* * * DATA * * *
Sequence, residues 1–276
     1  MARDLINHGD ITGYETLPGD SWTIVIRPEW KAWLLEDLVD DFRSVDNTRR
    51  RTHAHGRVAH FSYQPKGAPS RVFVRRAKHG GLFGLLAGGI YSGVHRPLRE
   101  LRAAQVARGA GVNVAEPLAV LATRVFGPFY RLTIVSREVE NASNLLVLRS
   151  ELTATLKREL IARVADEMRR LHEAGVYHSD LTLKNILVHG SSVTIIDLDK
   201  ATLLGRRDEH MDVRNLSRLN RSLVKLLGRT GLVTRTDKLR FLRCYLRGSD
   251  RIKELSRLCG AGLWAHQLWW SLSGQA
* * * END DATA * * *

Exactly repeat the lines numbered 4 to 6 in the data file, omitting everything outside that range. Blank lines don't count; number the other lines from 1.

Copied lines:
   101  LRAAQVARGA GVNVAEPLAV LATRVFGPFY RLTIVSREVE NASNLLVLRS
   151  ELTATLKREL IARVADEMRR LHEAGVYHSD LTLKNILVHG SSVTIIDLDK
   201  ATLLGRRDEH MDVRNLSRLN RSLVKLLGRT GLVTRTDKLR FLRCYLRGSD